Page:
Cheshire and Merseyside Health and Care Partnership
Paul’s dedicated his career to improving patient care through the use of technology, working at local, regional and national levels on largescale healthcare programmes, in the UK, Qatar and USA. He has a wealth of experience in health informatics with over 40 years’ of working in the industry, where he’s gained the respect and admiration of his colleagues. Not just in terms of the knowledge he brings to the programmes he works on, both at a strategic and operational level, but also because of how down-to-earth and humble he is as a person, always making time for others on a professional and also personal level, no matter how busy he is.
An ability that is no mean feat when you consider the top roles Paul has had, and when you factor in his commitments outside of work, as a husband to Liz who he’s been married to for over 40 years, a father to their five children, and grandfather to their five grandchildren, who it’s safe to say all equally keep him on his toes! So we’re nominating Paul for the CIO of the year award, as we feel it’s high time he gets the recognition he truly deserves, before he retires. Not just for the difference he’s made in his career and to the many colleagues he’s worked with, but ultimately because of the measurable impact he’s had on the care that patients receive, through driving and advocating for the use of technology.
There are many ways he’s achieved this and demonstrated the benefits of advanced digitization and local population health management; from delivering national platforms including the NHS Spine and Summary Care Record, procuring an Electronic Patient Record system, and leading a Global Digital Exemplar programme. To leading the Cheshire and Merseyside Health and Care Partnership’s digital programme, which under his leadership has gone from strength to strength. Particularly during the COVID-19 pandemic, which saw the rapid implementation (within three months) of a population health management system called CIPHA, which was utilised to support the national Events Research Programme in building a COVID safety-net to allow events to reopen. Alongside furthering the adoption of our region’s health information sharing platform Share2Care, which helped to aid clinicians in the daily delivery of safer and more effective care to patients, at a time when services where particularly stretched due to the rise in COVID admissions.
Paul is also a Co-Chair of the NHSX Blueprinting Steering Committee, where he utilises his wealth of experience to provide advice and guidance on blueprints, and to advocate for their adoption. In order to help health and care organisations across the country to deliver digital capabilities more quickly and cost effectively than has been possible in the past, with the ultimate aim of improving services for patients and staff. Additionally, Paul leads the Cheshire and Merseyside Cyber Security Group, which has recently been applauded for its pro-active approach to testing how prepared our ICS would be to deal with an attack.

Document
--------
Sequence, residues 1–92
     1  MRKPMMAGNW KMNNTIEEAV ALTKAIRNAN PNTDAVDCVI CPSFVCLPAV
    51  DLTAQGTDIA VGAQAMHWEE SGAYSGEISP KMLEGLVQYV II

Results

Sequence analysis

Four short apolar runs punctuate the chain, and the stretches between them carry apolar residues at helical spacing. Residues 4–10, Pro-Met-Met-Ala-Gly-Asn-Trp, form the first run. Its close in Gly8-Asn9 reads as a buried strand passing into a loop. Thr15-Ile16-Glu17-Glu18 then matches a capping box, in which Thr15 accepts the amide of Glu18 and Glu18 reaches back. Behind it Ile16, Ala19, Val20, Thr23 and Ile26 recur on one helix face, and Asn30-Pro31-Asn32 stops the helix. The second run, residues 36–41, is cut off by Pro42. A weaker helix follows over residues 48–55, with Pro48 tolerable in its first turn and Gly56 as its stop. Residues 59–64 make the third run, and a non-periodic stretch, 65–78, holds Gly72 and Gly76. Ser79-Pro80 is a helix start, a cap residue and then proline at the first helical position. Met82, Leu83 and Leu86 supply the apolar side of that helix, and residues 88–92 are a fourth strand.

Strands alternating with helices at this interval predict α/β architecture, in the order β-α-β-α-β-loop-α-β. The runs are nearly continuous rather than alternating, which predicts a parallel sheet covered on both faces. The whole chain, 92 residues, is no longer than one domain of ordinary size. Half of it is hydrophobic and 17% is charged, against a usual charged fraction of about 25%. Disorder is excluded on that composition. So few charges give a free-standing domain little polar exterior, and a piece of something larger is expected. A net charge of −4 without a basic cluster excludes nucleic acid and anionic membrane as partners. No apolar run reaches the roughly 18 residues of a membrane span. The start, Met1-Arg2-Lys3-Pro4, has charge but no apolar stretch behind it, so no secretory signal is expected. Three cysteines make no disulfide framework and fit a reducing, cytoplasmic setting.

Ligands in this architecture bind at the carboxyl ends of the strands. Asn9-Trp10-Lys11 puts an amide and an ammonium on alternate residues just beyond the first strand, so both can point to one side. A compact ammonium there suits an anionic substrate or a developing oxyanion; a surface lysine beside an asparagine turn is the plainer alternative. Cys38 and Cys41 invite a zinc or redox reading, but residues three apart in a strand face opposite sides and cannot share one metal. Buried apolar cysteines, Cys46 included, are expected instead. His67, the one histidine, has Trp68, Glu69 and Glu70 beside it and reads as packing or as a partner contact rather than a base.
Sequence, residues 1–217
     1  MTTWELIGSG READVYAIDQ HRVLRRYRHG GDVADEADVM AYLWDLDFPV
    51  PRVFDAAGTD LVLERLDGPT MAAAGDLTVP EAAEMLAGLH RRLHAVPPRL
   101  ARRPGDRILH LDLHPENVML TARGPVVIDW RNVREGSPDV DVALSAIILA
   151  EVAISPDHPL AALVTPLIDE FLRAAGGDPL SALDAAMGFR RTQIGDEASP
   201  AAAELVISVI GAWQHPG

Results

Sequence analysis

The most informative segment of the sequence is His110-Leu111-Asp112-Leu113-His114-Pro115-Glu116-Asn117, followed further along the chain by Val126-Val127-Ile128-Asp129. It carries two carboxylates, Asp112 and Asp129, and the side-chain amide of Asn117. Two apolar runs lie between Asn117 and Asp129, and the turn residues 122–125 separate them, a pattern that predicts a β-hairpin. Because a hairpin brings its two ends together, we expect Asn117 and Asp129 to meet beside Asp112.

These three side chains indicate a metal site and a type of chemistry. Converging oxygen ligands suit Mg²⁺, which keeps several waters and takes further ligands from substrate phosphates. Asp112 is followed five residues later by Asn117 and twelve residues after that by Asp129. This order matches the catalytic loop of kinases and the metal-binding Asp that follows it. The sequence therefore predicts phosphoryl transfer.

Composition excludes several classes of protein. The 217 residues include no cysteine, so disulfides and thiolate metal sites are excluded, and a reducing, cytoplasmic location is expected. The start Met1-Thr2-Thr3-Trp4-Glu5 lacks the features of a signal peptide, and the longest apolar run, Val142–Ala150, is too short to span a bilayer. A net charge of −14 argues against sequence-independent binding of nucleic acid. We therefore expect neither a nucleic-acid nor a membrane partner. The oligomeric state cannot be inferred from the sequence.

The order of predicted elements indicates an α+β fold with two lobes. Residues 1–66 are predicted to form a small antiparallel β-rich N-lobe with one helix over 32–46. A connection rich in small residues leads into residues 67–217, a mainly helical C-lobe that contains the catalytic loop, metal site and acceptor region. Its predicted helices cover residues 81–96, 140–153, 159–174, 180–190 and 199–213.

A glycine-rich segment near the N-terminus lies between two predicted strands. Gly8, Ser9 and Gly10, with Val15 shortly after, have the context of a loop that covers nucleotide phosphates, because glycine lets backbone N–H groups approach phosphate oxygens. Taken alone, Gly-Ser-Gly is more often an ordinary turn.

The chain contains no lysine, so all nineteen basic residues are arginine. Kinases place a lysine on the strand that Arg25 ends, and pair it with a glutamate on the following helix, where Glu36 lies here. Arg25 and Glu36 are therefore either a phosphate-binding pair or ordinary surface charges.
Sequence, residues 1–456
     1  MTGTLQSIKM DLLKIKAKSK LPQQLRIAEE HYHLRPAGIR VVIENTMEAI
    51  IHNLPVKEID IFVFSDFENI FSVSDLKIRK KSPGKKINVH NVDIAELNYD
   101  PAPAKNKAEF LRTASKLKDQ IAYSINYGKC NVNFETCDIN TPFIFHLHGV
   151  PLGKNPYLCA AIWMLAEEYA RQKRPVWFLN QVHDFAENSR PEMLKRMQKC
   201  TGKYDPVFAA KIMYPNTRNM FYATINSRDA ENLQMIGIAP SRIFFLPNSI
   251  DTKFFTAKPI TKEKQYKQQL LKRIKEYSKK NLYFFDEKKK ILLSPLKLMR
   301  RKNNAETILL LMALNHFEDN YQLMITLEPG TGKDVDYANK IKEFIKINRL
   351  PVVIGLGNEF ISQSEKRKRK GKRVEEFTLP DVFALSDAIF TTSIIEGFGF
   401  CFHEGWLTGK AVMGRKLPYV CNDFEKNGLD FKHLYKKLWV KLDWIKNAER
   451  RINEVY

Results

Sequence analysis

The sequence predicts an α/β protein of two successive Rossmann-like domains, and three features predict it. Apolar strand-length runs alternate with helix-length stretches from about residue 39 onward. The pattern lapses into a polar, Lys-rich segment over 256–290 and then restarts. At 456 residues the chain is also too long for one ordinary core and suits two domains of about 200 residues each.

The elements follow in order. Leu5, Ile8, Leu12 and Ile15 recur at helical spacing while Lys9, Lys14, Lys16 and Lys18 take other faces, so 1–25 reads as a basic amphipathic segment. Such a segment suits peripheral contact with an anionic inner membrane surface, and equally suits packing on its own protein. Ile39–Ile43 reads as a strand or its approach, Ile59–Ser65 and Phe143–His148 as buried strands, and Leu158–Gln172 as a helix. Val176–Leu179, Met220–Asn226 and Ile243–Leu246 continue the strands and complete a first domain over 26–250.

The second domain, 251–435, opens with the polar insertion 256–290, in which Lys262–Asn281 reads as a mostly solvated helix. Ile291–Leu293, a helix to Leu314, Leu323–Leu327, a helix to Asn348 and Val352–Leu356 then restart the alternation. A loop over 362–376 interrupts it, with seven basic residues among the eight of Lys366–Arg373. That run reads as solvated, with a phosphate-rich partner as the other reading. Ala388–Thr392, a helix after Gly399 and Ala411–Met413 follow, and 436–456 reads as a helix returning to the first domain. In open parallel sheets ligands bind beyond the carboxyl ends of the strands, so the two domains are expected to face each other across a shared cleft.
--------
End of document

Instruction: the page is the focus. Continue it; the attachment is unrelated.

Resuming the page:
Speaking about the role CIPHA played throughout the pandemic, Matthew Ashton, Director of Public Health for Liverpool said: “We’re sincerely thankful for all your hard work in establishing CIPHA. It’s an amazing achievement and the speed in which the Platform was set up, in the most challenging of circumstances, is truly outstanding and a testament to all involved. You’ve enabled Directors of Public Health, Public Health teams and strategic groups within the Liverpool Resilience Forums across C&M to have access to data that helps to inform their planning and understanding of the pandemic. Which has been key for managing our System’s response to this crisis and will be equally instrumental in driving our recovery moving forward”.
Speaking about the role Share2Care played throughout the pandemic, Dr Mona Fung, Associate CCIO at Liverpool University Hospitals said: “Share2Care ensures clinicians across C&M are able to access information that enables them to deliver safe, effective and efficient care to their patients, identify gaps in their care and to drive insight work such as proactive prevention. Outcomes, which have been particularly beneficial and apparent during the COVID-19 pandemic, when services and staff were stretched due to a rise in the number of COVID-related hospital admissions, and healthcare professionals needed to be able to access patient data without constraint.
Speaking about the scenario-based response exercise undertaken to test how ready the ICS was to deal with an attack, Andy Green, Chief information security officer at Gemserv said “This was the first time a cyber-breach and response scenario of this kind has been done at ICS level in the NHS. We went from looking at a damage limitation perspective, to a malicious insider, to a full-blown cyber-attack and NHS colleagues from other ICSs around the country also took part, to consider their own emergency preparedness procedures.
Paul speaks to IT Pro 20/20, sharing his knowledge and advice on what healthcare organisations can do to prepare for a cyber-attack.
Paul shares that he became an NHS CIO to make a difference in healthcare, in an interview with Digital Health, when he was appointment as IT and information director at Wirral University Teaching Hospital NHS Foundation Trust: